The football management sphere is notoriously cut-throat and ever-evolving. A string of bad results frequently leads to unemployment and, once the P45 has been pocketed, the battle becomes about fending off the tractor beams intent on drawing all they can aboard the Alan Curbishley-skippered Ship of the Forgotten.
In the Premier League, though, there are plenty of young coaches making survival in this hostile environment look simple. Here are three who appear destined to land an important role in the game when they elect to vacate their current posts.
Steve Clarke guided West Brom to eighth in his first full season in charge
West Brom’s trusting of the formerly untried Scot to take the step up from reliable first-mate to captain prompted many to arch an eyebrow or two, but he has performed more than admirably in the driver’s seat.
This season the Baggies are unbeaten in all three of their games with members of last term’s top four.
His ability to flourish with a wafer-thin transfer budget deserves special plaudits, while he’s demonstrated exceptional man management skills on more than one occasion, most notably during Peter Odemwingie’s madcap attempts to engineer a move away from the club.
Albion are 2/1 to land a top-half finish this term with bwin.
Mauricio Pochettino sits in an inexplicably high third place in the Premier League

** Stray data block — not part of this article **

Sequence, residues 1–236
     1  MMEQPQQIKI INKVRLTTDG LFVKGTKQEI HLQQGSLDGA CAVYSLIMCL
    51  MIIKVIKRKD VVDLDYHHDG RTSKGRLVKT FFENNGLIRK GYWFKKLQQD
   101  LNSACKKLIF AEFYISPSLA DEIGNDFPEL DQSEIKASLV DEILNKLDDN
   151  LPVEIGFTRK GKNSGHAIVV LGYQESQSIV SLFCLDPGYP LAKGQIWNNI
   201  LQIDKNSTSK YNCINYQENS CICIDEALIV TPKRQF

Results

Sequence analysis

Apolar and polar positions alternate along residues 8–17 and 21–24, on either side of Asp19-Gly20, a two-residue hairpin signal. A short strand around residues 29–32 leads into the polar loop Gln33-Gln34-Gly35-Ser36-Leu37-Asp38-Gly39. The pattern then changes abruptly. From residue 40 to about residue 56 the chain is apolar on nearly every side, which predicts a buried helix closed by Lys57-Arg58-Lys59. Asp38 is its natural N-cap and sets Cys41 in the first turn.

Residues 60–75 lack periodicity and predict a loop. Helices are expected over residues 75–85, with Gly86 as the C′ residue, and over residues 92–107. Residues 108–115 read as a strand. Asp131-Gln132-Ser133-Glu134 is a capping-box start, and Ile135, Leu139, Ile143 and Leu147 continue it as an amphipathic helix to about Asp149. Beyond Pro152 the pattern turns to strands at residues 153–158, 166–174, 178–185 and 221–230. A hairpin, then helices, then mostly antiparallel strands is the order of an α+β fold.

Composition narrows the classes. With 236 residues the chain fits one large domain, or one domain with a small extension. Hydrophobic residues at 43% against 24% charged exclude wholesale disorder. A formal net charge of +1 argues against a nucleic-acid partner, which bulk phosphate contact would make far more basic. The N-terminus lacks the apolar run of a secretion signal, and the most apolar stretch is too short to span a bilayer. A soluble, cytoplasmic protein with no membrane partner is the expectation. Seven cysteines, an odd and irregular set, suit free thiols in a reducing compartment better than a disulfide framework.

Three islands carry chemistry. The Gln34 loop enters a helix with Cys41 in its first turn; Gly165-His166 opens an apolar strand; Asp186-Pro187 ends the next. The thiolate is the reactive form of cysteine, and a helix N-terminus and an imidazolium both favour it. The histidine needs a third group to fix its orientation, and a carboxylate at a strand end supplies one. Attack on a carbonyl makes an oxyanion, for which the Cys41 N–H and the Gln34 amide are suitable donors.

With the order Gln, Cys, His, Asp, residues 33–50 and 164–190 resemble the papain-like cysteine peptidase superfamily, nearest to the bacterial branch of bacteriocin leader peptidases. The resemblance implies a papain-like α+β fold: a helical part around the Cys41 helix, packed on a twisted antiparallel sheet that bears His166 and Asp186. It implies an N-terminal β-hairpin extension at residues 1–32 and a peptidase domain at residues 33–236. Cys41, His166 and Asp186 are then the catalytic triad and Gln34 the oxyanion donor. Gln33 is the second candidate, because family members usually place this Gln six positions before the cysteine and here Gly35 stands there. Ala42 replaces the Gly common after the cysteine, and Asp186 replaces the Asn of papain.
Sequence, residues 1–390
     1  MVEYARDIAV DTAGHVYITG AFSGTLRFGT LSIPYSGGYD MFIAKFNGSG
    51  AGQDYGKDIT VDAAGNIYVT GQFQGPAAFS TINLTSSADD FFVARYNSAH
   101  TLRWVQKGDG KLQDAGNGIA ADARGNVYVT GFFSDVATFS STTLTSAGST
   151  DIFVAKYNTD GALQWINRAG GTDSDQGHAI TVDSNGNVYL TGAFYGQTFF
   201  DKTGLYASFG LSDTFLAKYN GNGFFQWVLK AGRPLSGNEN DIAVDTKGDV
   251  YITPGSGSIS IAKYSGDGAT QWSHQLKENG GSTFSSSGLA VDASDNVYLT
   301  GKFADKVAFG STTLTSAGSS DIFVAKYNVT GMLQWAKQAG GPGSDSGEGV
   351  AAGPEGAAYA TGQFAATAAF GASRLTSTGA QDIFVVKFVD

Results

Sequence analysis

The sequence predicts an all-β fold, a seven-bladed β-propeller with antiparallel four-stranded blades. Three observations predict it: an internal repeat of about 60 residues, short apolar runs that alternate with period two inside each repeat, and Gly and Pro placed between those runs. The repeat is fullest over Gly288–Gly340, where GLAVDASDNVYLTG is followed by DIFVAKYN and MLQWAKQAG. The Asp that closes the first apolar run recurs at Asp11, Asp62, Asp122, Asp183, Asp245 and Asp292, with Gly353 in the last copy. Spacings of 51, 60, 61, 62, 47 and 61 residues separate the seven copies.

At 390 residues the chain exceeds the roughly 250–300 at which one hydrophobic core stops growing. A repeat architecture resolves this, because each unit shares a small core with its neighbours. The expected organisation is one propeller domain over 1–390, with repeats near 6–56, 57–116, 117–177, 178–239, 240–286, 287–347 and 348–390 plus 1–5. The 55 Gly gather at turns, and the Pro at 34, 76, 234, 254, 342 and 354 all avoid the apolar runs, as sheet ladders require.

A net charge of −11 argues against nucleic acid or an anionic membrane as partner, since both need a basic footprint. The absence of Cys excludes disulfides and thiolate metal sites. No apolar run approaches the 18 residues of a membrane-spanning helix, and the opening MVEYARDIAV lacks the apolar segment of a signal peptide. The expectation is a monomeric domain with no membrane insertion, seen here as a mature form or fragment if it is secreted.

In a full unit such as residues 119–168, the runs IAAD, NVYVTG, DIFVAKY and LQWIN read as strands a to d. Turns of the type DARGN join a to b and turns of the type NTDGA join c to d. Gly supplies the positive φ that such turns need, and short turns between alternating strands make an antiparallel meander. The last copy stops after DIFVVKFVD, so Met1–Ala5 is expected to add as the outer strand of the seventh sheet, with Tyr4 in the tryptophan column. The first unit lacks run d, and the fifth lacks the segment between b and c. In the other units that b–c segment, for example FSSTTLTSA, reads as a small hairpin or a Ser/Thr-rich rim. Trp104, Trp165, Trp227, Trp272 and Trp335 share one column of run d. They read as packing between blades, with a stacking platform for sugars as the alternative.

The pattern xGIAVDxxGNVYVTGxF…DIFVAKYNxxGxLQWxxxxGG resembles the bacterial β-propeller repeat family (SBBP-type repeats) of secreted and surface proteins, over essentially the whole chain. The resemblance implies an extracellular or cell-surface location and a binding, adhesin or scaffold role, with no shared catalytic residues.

Much-maligned when he was awarded the Southampton job following the seemingly unjust sacking of Nigel Adkins last season, the Argentinean’s impact at St Mary’s has been incredible.
High pressing and ball-retention is not something a club of the Saints’ stature would typically employ, but it’s to this they owe the paltry total of five league goals conceded, while the recent England recognition awarded to three of his attacking players shows his tactics are not geared up to solely shield their goal.
Experience in Spain and England can only be considered a good thing and should the south coast side deliver on the 14/1 that says they finish in the top four this season, Pochettino will surely be snapped up by a big gun in the short term.
Michael Laudrup has already been touted for several high-profile posts
Swansea’s results haven’t been as impressive this season as last, but the Dane’s exploits in 2012/13 saw his name mentioned in relation to managerial vacancies at Real Madrid and Paris St-Germain.
Flowing football is something that will endear him to all the big guns, but arguably Laudrup’s most marketable asset is his ability to acquire gems at a pittance and extract the best from them.
League form must improve this season if he’s going to land a sought-after post, but the potential for a successful career is there.
Bwin have the Swans ranked as 17/1 shots to be crowned kings of the Europa League this campaign.